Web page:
Successful collaboration begins with a shared language, hence the need for a glossary. This joint effort of contributors from several teams ensures, on the one hand, terminological and conceptual coherence across not only our theoretical approaches, but also the qualitative case studies and quantitative research conducted in OPPORTUNITIES. On the other hand, our glossary facilitates communication between the academic side of the project and the fieldwork conducted by NGOs, uniting our teams working from Austria, Belgium, France, Germany, Ghana, Italy, Mauritania, the Netherlands, Portugal, Romania and Senegal.

For more information about the Structure and Objectives of the Glossary, click here...)

We speak of toxic debates, when there is good reason to doubt that all participants are sincerely interested in establishing common ground and finding a consensus on controversial issues. Narratives can be toxic, too, when they are employed strategically to initiate or sustain toxic debates, fostering “centrifugal” narrative dynamics (Sommer 2023). The toxic nature of harmful “strategic narratives” (Miskimmon et al. 2013) may be a question of (1) content, e.g., falsehoods, disinformation, conspiracy theories, fake news, or hate speech; (2) a lack of transparency with respect to origins and proliferation paths which makes it difficult, if not impossible, to identify senders and disseminators; and (3) intended effects such as triggering confirmation bias or fostering ontological insecurity (Kinnvall et al. 2021).

Invoking freedom of speech in pluralist democracies, toxic narratives are typically designed to exploit legal loopholes, violate unwritten rules, and test taboos, with the aim of redefining the spectrum of acceptability and tellability (for instance, in racist, extremist, and nationalist discourses). Toxic narratives are typically part of a larger framing strategy or image campaign which aims at unfolding a centrifugal narrative dynamics with the goal of destabilizing democracy, curbing the influence of independent media, and sidestepping public debate in order to influence public opinion, for example by spreading disinformation online. The abuse of stories and storytelling has lately received considerable attention (Fernandes 2017; Meretoja and Freeman 2023); see also the recently completed “dangers of narrative” project at the University of Tampere (Mäekelä et al. 2021). At worst, toxic narratives are part of state propaganda, justifying wars of aggression, torture, and genocide.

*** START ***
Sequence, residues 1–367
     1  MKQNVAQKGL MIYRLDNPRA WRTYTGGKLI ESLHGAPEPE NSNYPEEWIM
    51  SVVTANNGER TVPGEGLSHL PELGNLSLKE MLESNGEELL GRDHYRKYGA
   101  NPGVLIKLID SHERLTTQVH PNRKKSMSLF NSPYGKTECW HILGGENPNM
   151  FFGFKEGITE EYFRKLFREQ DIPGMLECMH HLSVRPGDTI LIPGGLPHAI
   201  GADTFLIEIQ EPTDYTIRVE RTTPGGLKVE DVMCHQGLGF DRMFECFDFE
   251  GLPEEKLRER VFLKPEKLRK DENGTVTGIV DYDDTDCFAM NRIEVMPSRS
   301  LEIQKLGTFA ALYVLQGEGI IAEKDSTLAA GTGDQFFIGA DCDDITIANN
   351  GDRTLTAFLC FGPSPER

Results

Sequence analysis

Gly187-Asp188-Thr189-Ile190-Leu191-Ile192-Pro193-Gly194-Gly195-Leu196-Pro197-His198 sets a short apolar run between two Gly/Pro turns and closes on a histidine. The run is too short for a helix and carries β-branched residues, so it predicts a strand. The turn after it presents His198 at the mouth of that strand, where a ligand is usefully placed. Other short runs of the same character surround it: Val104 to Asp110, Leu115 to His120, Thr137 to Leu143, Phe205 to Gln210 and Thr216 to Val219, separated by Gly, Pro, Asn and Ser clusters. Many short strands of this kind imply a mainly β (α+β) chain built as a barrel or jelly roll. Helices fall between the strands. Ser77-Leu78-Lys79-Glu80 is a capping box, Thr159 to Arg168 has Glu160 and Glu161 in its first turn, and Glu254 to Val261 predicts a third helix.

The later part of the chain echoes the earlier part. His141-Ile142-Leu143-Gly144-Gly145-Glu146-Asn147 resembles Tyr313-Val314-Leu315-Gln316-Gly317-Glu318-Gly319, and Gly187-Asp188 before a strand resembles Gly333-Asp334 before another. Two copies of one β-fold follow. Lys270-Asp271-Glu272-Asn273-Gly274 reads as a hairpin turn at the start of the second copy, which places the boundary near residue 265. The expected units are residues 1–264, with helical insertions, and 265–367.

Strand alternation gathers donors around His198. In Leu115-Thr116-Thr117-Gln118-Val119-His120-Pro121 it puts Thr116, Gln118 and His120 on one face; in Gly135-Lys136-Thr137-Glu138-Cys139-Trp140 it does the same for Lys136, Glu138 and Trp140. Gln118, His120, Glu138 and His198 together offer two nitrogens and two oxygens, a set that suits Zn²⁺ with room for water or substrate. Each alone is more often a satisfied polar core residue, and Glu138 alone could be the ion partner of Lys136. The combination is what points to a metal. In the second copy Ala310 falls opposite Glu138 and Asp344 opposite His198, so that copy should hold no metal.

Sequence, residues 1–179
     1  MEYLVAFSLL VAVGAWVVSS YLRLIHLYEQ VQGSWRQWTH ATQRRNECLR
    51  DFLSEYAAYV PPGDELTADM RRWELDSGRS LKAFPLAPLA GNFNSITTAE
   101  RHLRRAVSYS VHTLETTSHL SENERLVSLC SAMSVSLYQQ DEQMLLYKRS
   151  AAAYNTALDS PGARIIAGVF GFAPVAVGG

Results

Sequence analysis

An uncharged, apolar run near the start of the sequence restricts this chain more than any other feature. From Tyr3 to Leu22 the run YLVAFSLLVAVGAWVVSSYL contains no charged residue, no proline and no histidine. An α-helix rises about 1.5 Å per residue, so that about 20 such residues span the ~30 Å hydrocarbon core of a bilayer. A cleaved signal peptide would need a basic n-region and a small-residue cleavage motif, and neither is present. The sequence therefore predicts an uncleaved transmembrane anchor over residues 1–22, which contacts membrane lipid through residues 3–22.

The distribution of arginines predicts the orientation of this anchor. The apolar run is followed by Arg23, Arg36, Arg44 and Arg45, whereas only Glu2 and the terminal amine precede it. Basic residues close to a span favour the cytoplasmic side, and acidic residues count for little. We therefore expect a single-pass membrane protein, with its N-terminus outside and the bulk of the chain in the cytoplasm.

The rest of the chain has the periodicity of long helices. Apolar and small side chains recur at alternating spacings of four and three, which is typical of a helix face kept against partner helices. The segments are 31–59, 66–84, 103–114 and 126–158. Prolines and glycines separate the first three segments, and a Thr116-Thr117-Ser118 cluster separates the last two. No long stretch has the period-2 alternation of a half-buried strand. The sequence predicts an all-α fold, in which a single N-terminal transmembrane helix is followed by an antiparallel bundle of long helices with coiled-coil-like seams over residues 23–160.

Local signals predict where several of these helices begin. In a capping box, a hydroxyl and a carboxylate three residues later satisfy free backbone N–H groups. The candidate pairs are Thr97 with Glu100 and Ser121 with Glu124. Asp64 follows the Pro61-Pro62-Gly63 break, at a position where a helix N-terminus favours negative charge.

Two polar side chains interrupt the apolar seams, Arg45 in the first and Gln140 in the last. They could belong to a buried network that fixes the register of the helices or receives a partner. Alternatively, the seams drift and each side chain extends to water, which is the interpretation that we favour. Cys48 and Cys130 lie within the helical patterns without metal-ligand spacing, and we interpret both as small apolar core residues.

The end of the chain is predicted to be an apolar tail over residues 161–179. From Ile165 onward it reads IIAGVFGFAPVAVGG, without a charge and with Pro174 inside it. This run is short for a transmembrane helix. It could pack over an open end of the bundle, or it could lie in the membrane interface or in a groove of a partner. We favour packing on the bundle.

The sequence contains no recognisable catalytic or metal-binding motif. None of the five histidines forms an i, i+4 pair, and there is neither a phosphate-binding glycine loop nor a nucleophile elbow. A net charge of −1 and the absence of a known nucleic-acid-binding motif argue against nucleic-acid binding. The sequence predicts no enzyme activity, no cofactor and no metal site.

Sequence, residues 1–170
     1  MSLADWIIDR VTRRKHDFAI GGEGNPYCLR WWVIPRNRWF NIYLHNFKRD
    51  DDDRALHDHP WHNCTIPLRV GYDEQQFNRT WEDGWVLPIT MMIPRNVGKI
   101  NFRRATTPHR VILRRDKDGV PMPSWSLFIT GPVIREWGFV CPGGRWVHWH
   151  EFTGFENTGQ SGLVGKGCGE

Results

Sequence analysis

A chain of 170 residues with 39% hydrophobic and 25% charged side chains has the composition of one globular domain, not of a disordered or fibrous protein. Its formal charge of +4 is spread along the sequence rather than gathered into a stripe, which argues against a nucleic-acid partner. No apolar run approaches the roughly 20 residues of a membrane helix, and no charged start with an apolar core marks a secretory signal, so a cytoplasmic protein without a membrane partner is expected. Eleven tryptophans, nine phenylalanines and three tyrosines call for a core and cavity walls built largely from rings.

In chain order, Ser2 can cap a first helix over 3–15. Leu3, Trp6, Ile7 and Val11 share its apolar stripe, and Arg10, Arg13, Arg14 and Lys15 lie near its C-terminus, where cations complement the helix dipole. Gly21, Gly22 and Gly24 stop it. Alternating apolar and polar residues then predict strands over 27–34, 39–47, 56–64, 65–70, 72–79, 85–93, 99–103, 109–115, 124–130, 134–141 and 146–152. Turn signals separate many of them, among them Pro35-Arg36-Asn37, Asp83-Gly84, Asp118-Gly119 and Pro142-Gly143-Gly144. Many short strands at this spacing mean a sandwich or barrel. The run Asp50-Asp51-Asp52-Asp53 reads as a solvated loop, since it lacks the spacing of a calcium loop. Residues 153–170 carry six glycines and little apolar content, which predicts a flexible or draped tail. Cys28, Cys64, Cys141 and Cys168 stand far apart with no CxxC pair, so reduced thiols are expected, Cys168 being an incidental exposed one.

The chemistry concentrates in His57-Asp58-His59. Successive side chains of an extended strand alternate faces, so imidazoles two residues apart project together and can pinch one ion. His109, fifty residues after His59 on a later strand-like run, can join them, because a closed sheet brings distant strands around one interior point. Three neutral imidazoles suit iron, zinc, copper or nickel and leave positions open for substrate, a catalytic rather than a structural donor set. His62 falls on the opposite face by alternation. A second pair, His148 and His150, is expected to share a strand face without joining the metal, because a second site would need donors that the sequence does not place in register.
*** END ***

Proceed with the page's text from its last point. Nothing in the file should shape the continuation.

⇢ see also Counter-(master-)narrative dynamics, Frames of migration, Narrative dynamics, Narratives on migration, Racism, Terrorism

References and further reading:

Kinnvall, Catarina, Ian Manners, and Jennifer Mitzen, eds. 2021. Ontological Insecurity in the European Union. London: Routledge.

Mäkelä, Maria, Samuli Björninen, Laura Karttunen, Matias Nurminen, Juha Raipolda, and Tytti Rantanen. 2021. “Dangers of Narrative: A Critical Approach to Narratives of Personal Experience in Contemporary Story Economy.” Narrative 29.2: 139–159.

Meretoja, Hanna, and Mark Freeman, eds. 2023. The Use and Abuse of Stories: New Directions in Narrative Hermeneutics. Oxford: Oxford University Press.

Miskimmon, Alister, Ben O’Loughlin, and Laura Roselle. 2013. Strategic Narratives: Communiction, Power, and the New World Order. New York, NY and London: Routledge.

Sommer, Roy. 2023. “Migration and Narrative Dynamics.” In The Routledge Companion to Narrative Theory, edited by Paul Dawson and Maria Mäkelä, 498–511. New York, NY and London: Routledge.

Category: B

Work Package: 2, 4, 5